Be an ag embassadorSummertime. No matter who you are or where you farm or ranch in the region, now is the time of year when you are likeliest to have an opportunity to be an ambassador for your business.
By: Mikkel Pates, Agweek
FARGO, N.D. — Summertime.
No matter who you are or where you farm or ranch in the region, now is the time of year when you are likeliest to have an opportunity to be an ambassador for your business.
This is the time of year when families gather, bringing grandchildren, cousins and friends back to the home place. It is the time for high school reunions and community celebrations. No matter how small the town, you can see the signs that tell of these gatherings. Perhaps you have written them.
I grew up in Brookings in eastern South Dakota. It was home to a land-grant university, so in some ways, it was like Fargo’s North Dakota State University, except the town was much smaller. The college was a bigger deal. My father was an agricultural journalist with the South Dakota State University Extension Service. Our summer vacations often came this time of year. We’d go to the Philip, S.D., area, in the western part of the state, and stay with our grandpa, or with uncle Rose and Loren, near Quinn.
We got a chance to help cousin Dan with his milking chores. Uncle Loren would explain (sometimes in excruciating detail) how the then-fallow rotation worked and the reason for it. He took us on tours to see his beef cattle. He explained the irrigation system and how stock dams worked and the reason for them. We had our pictures taken next to Sudan grass that climbed eight feet tall.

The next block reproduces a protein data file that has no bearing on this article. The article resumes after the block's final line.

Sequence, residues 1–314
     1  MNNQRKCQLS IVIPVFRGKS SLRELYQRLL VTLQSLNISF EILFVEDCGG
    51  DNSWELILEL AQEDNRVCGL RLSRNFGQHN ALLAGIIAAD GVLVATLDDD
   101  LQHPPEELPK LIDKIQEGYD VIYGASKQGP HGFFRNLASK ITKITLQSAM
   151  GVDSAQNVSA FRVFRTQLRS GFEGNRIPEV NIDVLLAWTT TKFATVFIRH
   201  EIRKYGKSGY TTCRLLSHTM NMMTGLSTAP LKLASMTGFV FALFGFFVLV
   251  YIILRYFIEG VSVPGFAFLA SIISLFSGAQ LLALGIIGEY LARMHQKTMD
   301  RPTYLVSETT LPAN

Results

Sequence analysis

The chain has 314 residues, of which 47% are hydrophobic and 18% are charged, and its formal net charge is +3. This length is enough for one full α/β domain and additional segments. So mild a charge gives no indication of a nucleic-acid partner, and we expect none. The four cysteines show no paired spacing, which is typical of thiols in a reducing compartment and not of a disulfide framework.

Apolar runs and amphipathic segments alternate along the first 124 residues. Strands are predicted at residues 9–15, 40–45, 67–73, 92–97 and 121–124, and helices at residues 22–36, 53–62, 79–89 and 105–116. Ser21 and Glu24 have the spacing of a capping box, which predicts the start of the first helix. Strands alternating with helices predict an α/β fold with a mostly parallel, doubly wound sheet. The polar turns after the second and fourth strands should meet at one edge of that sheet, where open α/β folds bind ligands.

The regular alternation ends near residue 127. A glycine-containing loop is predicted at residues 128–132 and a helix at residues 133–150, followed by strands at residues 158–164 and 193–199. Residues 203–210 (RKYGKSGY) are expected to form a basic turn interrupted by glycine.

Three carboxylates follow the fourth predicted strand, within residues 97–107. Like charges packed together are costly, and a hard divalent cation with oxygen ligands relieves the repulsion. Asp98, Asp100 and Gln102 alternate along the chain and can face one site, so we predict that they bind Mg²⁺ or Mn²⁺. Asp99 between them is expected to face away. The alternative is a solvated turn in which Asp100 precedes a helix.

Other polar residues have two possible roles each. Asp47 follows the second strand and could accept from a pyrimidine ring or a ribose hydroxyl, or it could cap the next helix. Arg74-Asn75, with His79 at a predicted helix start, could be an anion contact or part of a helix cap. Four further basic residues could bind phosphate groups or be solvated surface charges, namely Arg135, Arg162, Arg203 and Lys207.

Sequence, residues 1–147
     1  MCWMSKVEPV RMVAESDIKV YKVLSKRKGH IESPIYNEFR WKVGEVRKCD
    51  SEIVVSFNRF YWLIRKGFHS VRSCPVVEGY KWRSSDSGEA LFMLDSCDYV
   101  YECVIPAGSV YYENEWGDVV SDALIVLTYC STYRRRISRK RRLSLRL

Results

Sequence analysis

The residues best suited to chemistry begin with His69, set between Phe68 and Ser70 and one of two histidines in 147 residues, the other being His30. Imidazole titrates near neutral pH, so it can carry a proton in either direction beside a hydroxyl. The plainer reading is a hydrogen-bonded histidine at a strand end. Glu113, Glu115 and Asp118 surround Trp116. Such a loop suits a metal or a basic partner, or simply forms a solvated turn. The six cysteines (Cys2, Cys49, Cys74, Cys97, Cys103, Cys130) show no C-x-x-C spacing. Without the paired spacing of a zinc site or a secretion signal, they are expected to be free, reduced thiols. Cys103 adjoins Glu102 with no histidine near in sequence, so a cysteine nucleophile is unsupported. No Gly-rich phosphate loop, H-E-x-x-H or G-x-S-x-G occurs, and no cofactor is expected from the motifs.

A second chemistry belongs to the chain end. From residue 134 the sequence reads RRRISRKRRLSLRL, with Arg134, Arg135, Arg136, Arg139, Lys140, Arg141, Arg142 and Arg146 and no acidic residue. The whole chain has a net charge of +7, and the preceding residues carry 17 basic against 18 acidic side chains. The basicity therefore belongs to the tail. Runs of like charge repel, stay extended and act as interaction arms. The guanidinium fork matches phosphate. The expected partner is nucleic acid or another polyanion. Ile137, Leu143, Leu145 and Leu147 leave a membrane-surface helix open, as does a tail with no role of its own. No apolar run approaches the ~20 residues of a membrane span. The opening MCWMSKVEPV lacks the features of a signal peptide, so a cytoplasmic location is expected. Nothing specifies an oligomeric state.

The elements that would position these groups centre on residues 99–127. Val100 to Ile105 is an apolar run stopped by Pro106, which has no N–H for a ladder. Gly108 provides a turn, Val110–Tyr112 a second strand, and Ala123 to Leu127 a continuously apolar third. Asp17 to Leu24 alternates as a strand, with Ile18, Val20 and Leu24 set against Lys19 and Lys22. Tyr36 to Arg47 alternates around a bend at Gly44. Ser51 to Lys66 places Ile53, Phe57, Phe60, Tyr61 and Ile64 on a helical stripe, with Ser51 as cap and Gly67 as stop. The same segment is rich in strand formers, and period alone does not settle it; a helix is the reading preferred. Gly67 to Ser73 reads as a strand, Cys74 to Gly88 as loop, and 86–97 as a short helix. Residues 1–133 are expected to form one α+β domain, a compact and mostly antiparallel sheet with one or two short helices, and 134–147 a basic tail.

We’d go for field tours and see the cattle herds, get a sense of the distance between neighbors. We’d go on cattle drives and get a chance to ride the horses, providing the opportunity for saddle sores.
My brothers and I would have a chance — one time every year — to be around and witness the cattle work. We would help with chores such as branding. Loren would explain the symbols in the brands and the need for branding at all. We saw the sweat around the hat brims of the men and women who lived in this environment. We got to see their big smiles, and the pride they had in raising the food we’d enjoy at the supper tables in the evening.
Seemingly elementary topics — what spring wheat, winter wheat and durum are — were concepts that were taught to a city-slicker, elementary-school kid like me. I learned the importance of rural water because I saw people who lived without it, who couldn’t find a well.
Later, when choosing my journalism and economics pursuits in college, my father suggested that I combine them with something basic — agriculture — because, “simply growing up in South Dakota, you know more about agriculture than 90 percent of American youth.”
A few weeks ago, I was sitting in a steak house in downtown Redfield, S.D., having supper. I was joined by Jim Schott, owner of Schott Limousin Ranch, of McLaughlin, S.D. We talked for quite awhile, and among the topics were some of Schott’s efforts to host people — often young people — at his ranch. The events he described sounded like a lot of work. And he also talked about a dream of his to get busloads of inner-city youths on a trip and educational mission to places such as McLaughlin.
Good idea. But if you don’t go for something that grandiose, just take time to talk to your visiting relatives about what you do. Let them know how it feels to produce food. It’ll be good for both of you.